US Receives C-Minus For Emergency Care
The U.S. emergency care system received an overall grade of C-minus in a state-by-state analysis released on Tuesday by the American College of Emergency Physicians, the Arkansas Democrat-Gazette reports (Park, Arkansas Democrat-Gazette, 12/10). For the analysis, the "National Report Card on the State of Emergency Medicine," an ACEP task force ranked the emergency care systems of the 50 states and Washington, D.C., based on 116 measures (May, Salt Lake Tribune, 12/9).
The task force divided the measures into five categories: access to emergency care; quality and patient safety environment; medical liability environment; public health and injury prevention; and disaster preparedness (Archer, Tulsa World, 12/9). Massachusetts received the highest overall grade, with a B (Galewitz, Palm Beach Post, 12/9). Maryland, Rhode Island and Washington, D.C., each received an overall grade of B-minus. Arkansas received the lowest overall grade, with a D-minus (Harlow, Minneapolis Star Tribune, 12/9).
ACEP President Nick Jouriles said, "This is a national disgrace. America deserves better." He called the U.S. emergency care system a "ticking time bomb made worse by the financial crisis and a failing health care system" (Arkansas Democrat-Gazette, 12/10). In a statement, Jouriles said that the number of individuals who seek emergency care likely will increase because of the "weakened economy combined with a failing health care system" (Altonn, Honolulu Star-Bulletin, 12/9). He added, "The role of emergency care has never been more critical to this nation, which is why emergency patients must become a top priority for health care reform" (Eyre, Charleston Gazette, 12/10).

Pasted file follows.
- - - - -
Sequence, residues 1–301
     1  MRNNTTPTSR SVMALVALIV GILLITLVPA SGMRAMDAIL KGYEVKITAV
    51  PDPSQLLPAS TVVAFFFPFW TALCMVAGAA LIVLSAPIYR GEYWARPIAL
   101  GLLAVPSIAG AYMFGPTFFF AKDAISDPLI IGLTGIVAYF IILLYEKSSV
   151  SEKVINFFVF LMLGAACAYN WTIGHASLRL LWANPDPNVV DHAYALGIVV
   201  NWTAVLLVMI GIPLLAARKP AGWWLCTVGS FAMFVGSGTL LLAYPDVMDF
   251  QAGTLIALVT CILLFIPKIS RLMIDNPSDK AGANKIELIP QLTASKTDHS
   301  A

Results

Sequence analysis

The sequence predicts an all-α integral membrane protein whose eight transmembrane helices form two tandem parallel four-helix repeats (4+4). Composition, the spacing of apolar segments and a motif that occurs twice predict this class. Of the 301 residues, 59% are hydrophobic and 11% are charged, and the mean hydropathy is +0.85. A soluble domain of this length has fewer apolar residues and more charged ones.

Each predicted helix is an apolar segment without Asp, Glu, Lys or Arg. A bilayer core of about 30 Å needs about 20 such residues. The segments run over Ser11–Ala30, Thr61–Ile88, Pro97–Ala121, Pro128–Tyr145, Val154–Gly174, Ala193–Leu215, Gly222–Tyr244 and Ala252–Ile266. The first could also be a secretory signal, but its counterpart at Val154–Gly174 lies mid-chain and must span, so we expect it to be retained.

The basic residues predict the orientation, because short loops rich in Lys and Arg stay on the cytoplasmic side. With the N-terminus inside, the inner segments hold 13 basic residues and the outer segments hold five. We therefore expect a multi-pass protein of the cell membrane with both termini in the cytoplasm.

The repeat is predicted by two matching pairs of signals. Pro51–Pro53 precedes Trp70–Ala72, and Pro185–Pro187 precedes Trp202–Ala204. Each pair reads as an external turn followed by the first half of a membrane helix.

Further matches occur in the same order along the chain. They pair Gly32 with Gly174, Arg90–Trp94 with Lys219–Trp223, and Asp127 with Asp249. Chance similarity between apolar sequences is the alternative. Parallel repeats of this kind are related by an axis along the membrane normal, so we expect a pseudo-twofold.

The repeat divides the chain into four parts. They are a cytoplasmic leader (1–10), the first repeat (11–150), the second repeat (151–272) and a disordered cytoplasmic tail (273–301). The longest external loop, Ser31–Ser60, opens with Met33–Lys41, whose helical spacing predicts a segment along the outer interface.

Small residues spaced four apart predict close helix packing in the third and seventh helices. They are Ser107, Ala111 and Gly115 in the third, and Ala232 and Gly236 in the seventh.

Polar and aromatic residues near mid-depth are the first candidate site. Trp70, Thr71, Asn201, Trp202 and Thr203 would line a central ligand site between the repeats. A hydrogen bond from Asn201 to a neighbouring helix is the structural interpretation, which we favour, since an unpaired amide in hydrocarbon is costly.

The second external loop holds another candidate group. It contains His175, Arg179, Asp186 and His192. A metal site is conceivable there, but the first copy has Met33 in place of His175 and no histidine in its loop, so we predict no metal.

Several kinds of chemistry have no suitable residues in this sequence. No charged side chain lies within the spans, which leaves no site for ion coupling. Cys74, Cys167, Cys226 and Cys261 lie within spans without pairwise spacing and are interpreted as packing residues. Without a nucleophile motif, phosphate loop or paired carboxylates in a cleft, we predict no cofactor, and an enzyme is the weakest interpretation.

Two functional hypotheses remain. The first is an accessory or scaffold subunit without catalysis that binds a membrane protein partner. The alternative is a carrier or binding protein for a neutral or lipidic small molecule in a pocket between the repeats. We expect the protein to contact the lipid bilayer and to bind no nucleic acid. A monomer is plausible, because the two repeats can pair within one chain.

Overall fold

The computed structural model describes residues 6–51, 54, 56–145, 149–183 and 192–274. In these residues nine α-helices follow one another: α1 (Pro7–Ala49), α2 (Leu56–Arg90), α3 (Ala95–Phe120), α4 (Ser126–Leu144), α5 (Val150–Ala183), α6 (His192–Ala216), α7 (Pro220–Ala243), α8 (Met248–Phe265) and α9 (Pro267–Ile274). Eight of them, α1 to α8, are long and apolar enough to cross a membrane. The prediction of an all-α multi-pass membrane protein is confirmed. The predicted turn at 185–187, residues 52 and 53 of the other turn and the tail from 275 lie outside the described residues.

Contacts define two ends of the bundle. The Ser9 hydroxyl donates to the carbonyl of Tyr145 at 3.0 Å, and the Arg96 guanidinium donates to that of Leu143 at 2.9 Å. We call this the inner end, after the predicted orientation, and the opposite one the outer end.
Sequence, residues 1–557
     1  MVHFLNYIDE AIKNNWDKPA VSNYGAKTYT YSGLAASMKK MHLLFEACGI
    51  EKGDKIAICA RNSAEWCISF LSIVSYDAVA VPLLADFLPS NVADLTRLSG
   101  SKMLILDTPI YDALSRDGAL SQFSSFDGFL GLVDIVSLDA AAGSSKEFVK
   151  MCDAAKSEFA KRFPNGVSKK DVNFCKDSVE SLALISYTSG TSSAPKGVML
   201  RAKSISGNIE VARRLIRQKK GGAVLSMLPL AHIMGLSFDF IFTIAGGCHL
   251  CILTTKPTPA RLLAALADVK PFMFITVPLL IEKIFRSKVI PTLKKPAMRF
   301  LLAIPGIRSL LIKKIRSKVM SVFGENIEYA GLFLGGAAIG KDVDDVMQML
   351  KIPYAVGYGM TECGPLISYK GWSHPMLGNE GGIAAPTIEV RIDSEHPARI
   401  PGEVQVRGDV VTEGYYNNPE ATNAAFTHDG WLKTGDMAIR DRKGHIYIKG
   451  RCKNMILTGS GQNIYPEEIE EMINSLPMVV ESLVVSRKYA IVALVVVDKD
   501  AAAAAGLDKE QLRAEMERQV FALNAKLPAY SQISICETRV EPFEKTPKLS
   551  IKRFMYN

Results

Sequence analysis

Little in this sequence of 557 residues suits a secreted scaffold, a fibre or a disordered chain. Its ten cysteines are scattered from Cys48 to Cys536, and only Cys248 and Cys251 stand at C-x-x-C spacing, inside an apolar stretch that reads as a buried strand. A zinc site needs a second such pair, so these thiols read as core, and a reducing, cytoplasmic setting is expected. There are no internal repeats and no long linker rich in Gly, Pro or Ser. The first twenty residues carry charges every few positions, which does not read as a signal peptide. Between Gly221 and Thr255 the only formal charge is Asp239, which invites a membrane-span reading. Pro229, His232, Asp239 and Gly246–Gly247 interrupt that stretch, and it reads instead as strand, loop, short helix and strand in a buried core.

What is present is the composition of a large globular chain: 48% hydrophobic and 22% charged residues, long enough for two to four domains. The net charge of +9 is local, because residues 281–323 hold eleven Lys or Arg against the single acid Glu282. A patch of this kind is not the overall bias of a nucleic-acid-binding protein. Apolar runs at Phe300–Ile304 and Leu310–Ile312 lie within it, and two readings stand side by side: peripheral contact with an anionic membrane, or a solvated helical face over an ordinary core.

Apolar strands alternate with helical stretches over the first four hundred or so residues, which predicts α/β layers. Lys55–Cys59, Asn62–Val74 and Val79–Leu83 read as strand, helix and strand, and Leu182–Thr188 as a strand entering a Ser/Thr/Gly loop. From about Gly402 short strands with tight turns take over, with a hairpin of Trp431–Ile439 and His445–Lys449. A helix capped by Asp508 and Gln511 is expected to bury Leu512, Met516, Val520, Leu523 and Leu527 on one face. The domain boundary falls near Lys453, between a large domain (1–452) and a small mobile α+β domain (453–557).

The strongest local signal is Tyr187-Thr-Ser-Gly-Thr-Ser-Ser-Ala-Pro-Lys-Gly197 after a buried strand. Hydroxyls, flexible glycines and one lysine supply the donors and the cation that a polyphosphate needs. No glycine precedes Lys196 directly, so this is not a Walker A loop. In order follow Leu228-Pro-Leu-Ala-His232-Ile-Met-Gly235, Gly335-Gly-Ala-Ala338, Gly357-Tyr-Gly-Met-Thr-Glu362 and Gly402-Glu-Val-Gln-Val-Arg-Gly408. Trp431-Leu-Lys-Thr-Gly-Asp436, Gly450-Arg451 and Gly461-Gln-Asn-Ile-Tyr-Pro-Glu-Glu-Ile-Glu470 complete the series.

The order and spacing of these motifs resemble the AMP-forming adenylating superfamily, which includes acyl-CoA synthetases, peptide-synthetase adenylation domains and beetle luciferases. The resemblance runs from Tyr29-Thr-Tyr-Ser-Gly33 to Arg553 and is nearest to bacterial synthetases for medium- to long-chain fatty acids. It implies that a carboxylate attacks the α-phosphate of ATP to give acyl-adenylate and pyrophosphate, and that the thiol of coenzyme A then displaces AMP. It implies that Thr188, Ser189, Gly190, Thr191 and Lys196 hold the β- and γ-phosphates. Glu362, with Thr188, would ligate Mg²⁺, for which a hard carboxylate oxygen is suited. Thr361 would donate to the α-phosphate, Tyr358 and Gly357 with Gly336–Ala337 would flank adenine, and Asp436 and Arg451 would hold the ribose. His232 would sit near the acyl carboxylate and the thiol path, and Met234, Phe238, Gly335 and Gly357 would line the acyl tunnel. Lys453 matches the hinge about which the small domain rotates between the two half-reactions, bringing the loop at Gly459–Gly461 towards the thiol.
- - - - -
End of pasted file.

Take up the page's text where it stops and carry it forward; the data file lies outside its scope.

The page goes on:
Jouriles asked President-elect Barack Obama and the new Congress to "strengthen emergency departments because they are a heath care safety net for us all" (Honolulu Star-Bulletin, 12/9). Task force Chair Stephen Epstein said, "Our nation's emergency care resources are shrinking while the demand is growing," adding, "We simply don't have enough emergency departments to meet the needs of a growing and aging population" (Arkansas Democrat-Gazette, 12/10).
ACEP President-elect Angela Gardner said, "We already have a system that is strained to the limit," adding, "This (recession) could break the system" (Alltucker, Arizona Republic, 12/10).
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